Finnish Envy

Americans have a bad case of Finnish envy, at least in the world of education. It’s hard to find a more poorly calibrated basis of comparison, but that doesn’t stop us. Finland has an ethnically homogeneous population (80% of Finns are Nordic Lutherans) with a total public school enrollment of less than 700,000 students. America, on the other hand, is an ethnically diverse country with a total public school enrollment of 55 million kids.

But lots of people think there’s much to learn there. In fact, even the truest defenders of the status quo find common ground with ardent reformers when studying the potency of the Finnish education system, specifically its ability to attract and retain great instructors.

Yesterday, for instance, union Momma Bear Diane Ravitch kvelled about the respect accorded Finnish public school teachers:
Teachers have extensive responsibility for designing curriculum and pedagogy in their school. They have a large degree of autonomy, because they are professionals.

Admission to teacher education programs at the end of high school is highly competitive; only one in 10—or even fewer—qualify for teacher preparation programs. All Finnish teachers spend five years in a rigorous program of study, research, and practice, and all of them finish with a masters' degree. Teachers are prepared for all eventualities, including students with disabilities, students with language difficulties, and students with other kinds of learning issues.
Dr. Ravtich seems to suggest that we should set a higher bar for aspiring teachers in education schools, much along the lines of recommendations from those of the ed reform persuasion. There's certainly room for us to grow there: for example, in Finland (and in Singapore and South Korea) 100% of educators come from the top third of their college classes. In the U.S. only 23% of teachers come from the top third of their class and 47% come from the bottom third.

Her comments jibe with Public Impact’s Byran and Emily Hassel’s views regarding the recommendations released by Democrats for Education Reform (and a long list of other ed reformists) for reauthorization of ESEA, the Elementary and Secondary Education Act (nee NCLB). According to the Hassels, the only way for us to improve our nation’s schools is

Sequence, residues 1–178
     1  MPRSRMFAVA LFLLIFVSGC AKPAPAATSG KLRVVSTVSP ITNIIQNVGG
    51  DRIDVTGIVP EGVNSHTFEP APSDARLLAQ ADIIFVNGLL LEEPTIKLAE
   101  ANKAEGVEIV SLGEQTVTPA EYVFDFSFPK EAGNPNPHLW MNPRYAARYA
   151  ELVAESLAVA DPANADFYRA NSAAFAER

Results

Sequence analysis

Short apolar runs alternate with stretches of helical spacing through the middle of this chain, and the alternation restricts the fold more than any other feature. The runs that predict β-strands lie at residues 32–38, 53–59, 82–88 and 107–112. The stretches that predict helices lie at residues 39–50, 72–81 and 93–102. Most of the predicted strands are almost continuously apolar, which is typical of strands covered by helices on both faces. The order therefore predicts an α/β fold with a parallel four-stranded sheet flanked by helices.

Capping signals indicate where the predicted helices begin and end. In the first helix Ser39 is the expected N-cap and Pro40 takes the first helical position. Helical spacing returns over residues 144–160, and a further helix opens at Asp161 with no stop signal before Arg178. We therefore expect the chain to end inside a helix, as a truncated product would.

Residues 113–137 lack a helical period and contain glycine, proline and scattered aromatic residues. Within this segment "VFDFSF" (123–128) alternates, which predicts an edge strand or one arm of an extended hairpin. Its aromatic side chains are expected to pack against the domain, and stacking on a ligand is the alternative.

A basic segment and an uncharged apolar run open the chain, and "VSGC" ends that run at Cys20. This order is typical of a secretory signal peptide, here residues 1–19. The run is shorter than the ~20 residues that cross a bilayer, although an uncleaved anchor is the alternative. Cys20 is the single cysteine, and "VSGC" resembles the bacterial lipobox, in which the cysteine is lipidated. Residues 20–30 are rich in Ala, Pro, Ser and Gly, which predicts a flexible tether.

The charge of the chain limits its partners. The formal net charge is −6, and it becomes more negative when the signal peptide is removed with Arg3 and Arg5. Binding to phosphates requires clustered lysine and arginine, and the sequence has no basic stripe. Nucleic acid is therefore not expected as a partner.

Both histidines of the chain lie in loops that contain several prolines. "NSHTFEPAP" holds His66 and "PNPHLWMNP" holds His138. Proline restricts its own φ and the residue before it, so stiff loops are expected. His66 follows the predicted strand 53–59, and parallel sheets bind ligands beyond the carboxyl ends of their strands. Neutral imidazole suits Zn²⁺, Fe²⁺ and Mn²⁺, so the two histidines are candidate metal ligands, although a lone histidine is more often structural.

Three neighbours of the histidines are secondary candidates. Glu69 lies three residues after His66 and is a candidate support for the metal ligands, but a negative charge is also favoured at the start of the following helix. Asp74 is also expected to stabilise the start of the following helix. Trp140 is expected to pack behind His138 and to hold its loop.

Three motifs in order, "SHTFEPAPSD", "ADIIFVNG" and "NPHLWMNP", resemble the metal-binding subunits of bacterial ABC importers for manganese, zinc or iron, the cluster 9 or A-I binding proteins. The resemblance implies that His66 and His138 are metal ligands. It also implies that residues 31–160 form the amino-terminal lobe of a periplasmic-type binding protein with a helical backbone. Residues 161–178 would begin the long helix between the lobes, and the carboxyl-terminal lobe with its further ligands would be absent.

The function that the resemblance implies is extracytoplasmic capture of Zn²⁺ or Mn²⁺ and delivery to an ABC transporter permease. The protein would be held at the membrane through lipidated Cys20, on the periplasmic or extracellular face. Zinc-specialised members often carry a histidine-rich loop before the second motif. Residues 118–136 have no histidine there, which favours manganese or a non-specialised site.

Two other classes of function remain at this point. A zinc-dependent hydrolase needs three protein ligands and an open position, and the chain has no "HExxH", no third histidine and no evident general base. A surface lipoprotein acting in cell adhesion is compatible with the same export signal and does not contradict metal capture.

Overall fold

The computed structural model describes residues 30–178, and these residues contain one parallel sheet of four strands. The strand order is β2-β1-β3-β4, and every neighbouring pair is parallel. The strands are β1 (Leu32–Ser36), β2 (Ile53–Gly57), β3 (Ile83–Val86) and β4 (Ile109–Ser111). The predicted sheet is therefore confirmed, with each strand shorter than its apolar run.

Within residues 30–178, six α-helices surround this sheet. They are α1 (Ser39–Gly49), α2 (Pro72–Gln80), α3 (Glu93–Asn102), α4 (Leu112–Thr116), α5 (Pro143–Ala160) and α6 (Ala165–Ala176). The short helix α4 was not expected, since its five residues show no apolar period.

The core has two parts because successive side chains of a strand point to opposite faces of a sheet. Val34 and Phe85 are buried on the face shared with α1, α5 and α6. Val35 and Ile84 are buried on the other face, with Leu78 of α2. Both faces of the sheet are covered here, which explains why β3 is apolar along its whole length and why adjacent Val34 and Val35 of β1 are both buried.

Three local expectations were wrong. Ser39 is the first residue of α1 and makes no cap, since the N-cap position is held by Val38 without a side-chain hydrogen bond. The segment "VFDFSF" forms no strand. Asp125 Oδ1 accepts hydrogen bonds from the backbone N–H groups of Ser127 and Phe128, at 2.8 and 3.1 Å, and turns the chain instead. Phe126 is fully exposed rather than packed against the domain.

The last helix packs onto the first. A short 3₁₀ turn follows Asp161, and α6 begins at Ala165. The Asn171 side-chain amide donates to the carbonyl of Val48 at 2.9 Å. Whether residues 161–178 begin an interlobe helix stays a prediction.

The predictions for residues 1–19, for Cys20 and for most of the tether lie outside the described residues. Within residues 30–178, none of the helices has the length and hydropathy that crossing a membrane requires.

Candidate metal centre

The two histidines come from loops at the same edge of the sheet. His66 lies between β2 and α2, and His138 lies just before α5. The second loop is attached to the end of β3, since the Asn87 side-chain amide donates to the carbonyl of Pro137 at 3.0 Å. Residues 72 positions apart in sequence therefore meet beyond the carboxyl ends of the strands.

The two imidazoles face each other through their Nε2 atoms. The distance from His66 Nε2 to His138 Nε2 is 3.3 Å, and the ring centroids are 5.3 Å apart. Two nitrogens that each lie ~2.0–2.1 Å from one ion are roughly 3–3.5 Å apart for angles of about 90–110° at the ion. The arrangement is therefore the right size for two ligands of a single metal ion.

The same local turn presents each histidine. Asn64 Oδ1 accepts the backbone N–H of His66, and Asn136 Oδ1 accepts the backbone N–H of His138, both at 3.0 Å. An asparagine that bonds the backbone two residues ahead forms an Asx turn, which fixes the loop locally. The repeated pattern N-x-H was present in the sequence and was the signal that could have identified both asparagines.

to put excellent teachers, the top 20 to 25 percent who achieve well over today’s “year of learning progress,” in charge of every child’s learning—consistently. With today’s merely solid teachers, those who achieve a full year of progress, students who start behind stay behind, and those in the middle do not leap ahead. Moreover, the current teacher pool feeds the anemic principal pipeline, meaning excellent teachers are regularly pulled from instruction—or forced to work under inadequate leaders.
Therefore, they posit, a newly-authorized ESEA should:
• Require states to identify excellent teachers immediately (even if full-blown evaluation systems take longer to develop);
• Require reporting of the percentage of students reached by teachers at each effectiveness level, not just the percentage of teachers at different effectiveness levels—rewarding places that increase the productivity of excellent teachers; and
• Make federal funding contingent on clearing barriers that keep excellent teachers from reaching more students, such as limits on their pay, class sizes, and non-teaching staff who could monitor digital instruction.
Bad basis for comparison or not, our Finnish envy helps us find common ground, at least in the realm of teacher quality.